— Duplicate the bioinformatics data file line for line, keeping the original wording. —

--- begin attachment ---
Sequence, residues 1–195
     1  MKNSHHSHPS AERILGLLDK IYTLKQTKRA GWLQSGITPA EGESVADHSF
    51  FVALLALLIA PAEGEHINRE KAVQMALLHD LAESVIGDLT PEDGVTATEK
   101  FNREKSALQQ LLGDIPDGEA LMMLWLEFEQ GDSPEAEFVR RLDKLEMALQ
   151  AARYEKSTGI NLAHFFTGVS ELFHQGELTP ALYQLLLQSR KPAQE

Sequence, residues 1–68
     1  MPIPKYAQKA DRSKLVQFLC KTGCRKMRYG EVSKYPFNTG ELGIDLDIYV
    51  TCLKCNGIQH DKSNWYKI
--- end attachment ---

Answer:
Sequence, residues 1–195
     1  MKNSHHSHPS AERILGLLDK IYTLKQTKRA GWLQSGITPA EGESVADHSF
    51  FVALLALLIA PAEGEHINRE KAVQMALLHD LAESVIGDLT PEDGVTATEK
   101  FNREKSALQQ LLGDIPDGEA LMMLWLEFEQ GDSPEAEFVR RLDKLEMALQ
   151  AARYEKSTGI NLAHFFTGVS ELFHQGELTP ALYQLLLQSR KPAQE

Sequence, residues 1–68
     1  MPIPKYAQKA DRSKLVQFLC KTGCRKMRYG EVSKYPFNTG ELGIDLDIYV
    51  TCLKCNGIQH DKSNWYKI